But the book begins, oddly, not with Alice but with a tough customer named James Rooker: loner, drifter, jack of all trades. A former pilot, he is now working in construction in Ushuaia, the southernmost town in South America. (I was shocked by Rooker’s lamentably offhand description of the Mexican workers he supervises as small, dark-skinned and bad at the job. Evidently that sort of thing got by editors in 2004. I hope it no longer does.) Although clearly a head case, Rooker is also madly attractive; he has Romantic Interest written all over him. Fortuitously, he, too, goes south to work at Kandahar.

Here, Thomas throws in a thrilling twist: Alice discovers she is pregnant by the two-timing guy she left behind in Cambridge. By that time, she is as addicted to the ice as Margaret ever was, and she and the rest of the team have formed a family of sorts: sometimes fractious, racked by hostility and sexual tension, but also held by bonds of loyalty and love. And so she decides to tell no one, gambling that she’ll be home by the time the baby is anywhere close to due.

But complications, thick and fast as a snowfall, start to arrive --- a strained visit from Sullavan and his entourage; a near-catastrophe during a field trip away from the base; an unexpected change in the weather as winter comes on earlier than expected and they risk being trapped by the ice. These developments ramp up the tension, bringing Alice and Rooker closer. Finally, a catastrophic fire puts the whole team on the knife edge of survival, and…well, read the book.

Disappointingly, at the end Thomas seems to fall back on romantic conventions. The denouement is too tidy, too Hollywood. “No one who went to the ice ever came back unchanged”: Alice has heard this from her mother all her life. Undeniably, she is changed, not simply by her pregnancy and her love for Rooker, but by her passion for this raw, wild, lonely continent.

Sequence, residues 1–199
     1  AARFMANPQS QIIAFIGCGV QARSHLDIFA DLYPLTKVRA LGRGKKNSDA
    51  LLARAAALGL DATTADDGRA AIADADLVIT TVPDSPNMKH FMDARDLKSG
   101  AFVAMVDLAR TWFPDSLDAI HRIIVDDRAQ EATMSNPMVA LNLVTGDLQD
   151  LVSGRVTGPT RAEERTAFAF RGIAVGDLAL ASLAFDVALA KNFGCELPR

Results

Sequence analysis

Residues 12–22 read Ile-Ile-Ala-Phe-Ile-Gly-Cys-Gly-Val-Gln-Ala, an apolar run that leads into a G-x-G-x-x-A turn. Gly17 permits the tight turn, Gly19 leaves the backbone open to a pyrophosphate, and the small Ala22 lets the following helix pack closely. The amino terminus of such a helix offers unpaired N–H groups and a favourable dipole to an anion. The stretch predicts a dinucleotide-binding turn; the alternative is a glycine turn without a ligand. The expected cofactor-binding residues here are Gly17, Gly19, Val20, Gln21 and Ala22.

Yet Thomas does not give Alice real scientific ardor; in fact, her portrayals of Margaret and obsessive paleontologist Richard Shoesmith, the expedition leader, imply that people who are too absorbed in work lose their sense of human proportion. When Shoesmith risks his own life, and Rooker’s, for the sake of a rare fossil, Alice realizes, “It was people who were important” --- not penguin data or rock samples or weather records. Nobody will disagree. But it’s too simplistic a response for a character as complex as Alice’s. I wanted a bit of air at the end, leaving open the question of what’s next for this intrepid woman, not only in love but in work.

By and large, however, this is a terrific, smartly paced novel. During the most dramatic chapters, I was weeping, riveted, heart in mouth, barely aware of turning the pages. Reading, at its best, is transporting --- it takes us to another place. SUN AT MIDNIGHT does that brilliantly, conjuring a world of danger, intimacy, harsh beauty and infinite mystery that held me totally in thrall.

Reviewed by Katherine B. Weissman on July 28, 2017

Sun at Midnight
by Rosie Thomas

  • Publication Date: July 25, 2017
  • Genres: Fiction
  • Hardcover: 496 pages
  • Publisher: The Overlook Press
  • ISBN-10: 1468314955
  • ISBN-13: 9781468314953